The next operating system from Microsoft, Windows 10, is expected to be officially released later this summer. Some advisors might be thinking, “Wait a minute, what happened to Windows 9?” Actually, Microsoft decided that since Windows 10 was a significant improvement and not just an incremental update from Windows 8, it needed more impactful branding.
Unfortunately for Microsoft, Windows 8 faced similar challenges to what the company experienced with Windows Vista. Adoption numbers from NetMarketShare show there are more desktops running Windows XP than Windows 8. This is an amazing statistic considering support for Windows XP ended in April 2014. Also interesting to note, Windows 7 adoption is over 58%, which is the operating system that immediately followed the troubled Windows Vista. The introduction of Windows 10 might follow the same story, i.e., replacing an inferior predecessor.
If you are considering upgrading to Windows 10, the first step is to inventory the operating system and hardware currently used in your firm. Often, it is actually the age of the PC that influences the timing of the upgrade rather than an outdated operating system.
However, Microsoft’s strategy for introducing Windows 10 might speed up the rate of adoption. Microsoft will offer a free upgrade to Windows 10 during the first year of availability for qualified PCs running Windows 7 and Windows 8.1.
One of the big risks for advisors when upgrading to a new operating system is whether or not your current programs will function without any issues. Lots of promises have been made that if your programs run on Windows 7 or 8.1, they should run on Windows 10. However, I highly recommend that you upgrade one PC to Windows 10, then put that machine through its paces. Test every program and software package, every process and procedure to ensure everything is working as expected. Your technology providers will be doing the same thing with their programs, so lean on them to get a complete understanding of what your firm should expect. Being an early adopter can sometimes have its challenges and frustrations, but it can also lead to nice benefits and efficiency gains that come with leveraging the latest technology.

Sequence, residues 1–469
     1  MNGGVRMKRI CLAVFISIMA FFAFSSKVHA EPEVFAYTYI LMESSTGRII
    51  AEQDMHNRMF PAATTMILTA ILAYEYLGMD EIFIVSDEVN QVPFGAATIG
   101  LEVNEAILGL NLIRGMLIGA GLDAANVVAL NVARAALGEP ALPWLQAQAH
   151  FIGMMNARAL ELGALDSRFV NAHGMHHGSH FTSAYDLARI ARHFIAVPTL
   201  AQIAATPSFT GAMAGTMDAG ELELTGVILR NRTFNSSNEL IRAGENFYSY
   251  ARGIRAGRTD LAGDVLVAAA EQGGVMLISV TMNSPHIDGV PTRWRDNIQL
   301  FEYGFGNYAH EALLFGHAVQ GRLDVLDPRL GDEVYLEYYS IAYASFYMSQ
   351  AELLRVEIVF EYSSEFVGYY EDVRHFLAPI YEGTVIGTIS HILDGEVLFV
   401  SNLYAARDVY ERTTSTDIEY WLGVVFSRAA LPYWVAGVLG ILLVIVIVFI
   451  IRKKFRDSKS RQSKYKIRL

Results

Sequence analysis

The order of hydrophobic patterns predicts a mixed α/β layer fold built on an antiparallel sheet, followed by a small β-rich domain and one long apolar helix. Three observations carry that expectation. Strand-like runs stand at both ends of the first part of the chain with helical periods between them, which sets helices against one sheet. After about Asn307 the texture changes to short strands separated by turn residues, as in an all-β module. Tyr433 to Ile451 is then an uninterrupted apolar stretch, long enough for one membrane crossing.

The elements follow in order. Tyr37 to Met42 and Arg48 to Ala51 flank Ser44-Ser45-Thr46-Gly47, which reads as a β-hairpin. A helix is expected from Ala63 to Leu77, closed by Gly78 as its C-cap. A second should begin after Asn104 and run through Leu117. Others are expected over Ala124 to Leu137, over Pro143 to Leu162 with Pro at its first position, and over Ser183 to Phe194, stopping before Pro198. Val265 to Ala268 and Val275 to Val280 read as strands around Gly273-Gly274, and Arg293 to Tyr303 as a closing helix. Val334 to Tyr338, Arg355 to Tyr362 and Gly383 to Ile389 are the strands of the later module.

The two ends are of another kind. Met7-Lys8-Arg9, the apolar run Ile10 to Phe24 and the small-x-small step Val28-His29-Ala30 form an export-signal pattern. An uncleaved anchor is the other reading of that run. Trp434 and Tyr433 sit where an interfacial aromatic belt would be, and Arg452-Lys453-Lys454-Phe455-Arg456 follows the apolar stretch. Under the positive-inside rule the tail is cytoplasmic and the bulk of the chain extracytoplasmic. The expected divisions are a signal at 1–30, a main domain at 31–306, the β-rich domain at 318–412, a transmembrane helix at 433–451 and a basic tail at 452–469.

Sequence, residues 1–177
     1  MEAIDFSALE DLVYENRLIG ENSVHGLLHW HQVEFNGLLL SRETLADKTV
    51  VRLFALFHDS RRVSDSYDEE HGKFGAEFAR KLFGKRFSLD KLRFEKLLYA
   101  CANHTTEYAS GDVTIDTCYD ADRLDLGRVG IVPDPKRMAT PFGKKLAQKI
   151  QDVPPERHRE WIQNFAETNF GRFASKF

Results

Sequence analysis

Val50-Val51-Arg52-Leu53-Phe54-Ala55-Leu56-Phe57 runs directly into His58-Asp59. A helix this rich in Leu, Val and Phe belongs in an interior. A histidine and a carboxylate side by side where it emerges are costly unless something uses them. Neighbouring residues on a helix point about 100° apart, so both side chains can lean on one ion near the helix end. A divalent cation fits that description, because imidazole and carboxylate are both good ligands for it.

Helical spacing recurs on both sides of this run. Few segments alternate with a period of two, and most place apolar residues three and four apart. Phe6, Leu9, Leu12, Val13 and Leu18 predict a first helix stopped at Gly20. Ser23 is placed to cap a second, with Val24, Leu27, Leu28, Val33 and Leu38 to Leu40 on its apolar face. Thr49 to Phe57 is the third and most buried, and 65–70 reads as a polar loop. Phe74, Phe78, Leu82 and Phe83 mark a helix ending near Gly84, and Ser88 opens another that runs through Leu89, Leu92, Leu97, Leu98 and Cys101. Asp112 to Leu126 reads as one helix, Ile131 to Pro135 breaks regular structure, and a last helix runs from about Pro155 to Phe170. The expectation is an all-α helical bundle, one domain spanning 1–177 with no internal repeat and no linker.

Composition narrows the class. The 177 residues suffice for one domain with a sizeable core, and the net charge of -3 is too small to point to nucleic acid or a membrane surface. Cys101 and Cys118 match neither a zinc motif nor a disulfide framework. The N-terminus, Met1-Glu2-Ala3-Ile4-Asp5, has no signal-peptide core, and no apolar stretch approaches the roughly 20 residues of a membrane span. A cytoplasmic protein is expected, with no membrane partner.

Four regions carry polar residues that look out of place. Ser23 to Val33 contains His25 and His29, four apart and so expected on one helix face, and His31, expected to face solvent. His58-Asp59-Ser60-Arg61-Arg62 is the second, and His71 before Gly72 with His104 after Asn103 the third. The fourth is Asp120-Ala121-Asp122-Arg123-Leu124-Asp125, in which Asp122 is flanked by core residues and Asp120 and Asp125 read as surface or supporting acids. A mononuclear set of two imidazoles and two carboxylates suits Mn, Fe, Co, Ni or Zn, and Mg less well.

Windows 10 includes a number of new features. Interesting to note, the Start menu returns after many complaints that it was not included with the original Windows 8 release. A new feature is the ability to create virtual desktops to provide users the ability the work with and switch between multiple desktops. This feature will be very helpful for maximizing screen space, especially when working with a single monitor.
What might be the most newsworthy feature of Windows 10 is the release of Microsoft Edge, the new Web browser that will replace Internet Explorer. Edge’s initial goal is to improve the overall browsing experience with speed, security and a new design. Furthermore, the new browser includes Cortana, a virtual personal assistant. Cortana’s goal is to improve the user’s browsing experience by leveraging what it knows about the user. Another new feature of Edge is the ability to write directly on a Web page and share this information with another user via email or another network.
Security and versatility, including compatibility with multiple device types, also underwent major improvements in Windows 10. Microsoft’s goal is to make sure the operating system is automatically updated with the latest security updates, without the user having to worry about the downloading and implementing process. Furthermore, Windows 10 will adjust according to the device being used. For example, if you are working on your laptop and then take the tablet part of the device (screen) to a quick meeting, Windows 10 will recognize this change and adjust the presentation for tablet mode. Then, when you return and reattach the screen, the desktop will change back to a more traditional PC interface.
Windows 10 could be a very important operating system for advisors. Considering the ongoing challenges and overall low adoption of Windows 8, it was an easy decision for advisors to stay with Windows 7 computers. Now, the PC marketplace is eagerly waiting for the full release of Windows 10, and advisors may quickly become part of this group if Windows 10 experiences early success and adoption.
Is it Time to Switch to An Apple-Based Platform?
Whenever you are thinking about upgrading to a new operating system, it is also a good time to evaluate switching operating systems entirely. Not that the release of Windows 10 alone should directly influence your firm in changing to an Apple-based platform, but you should review and reconfirm your criteria in this area.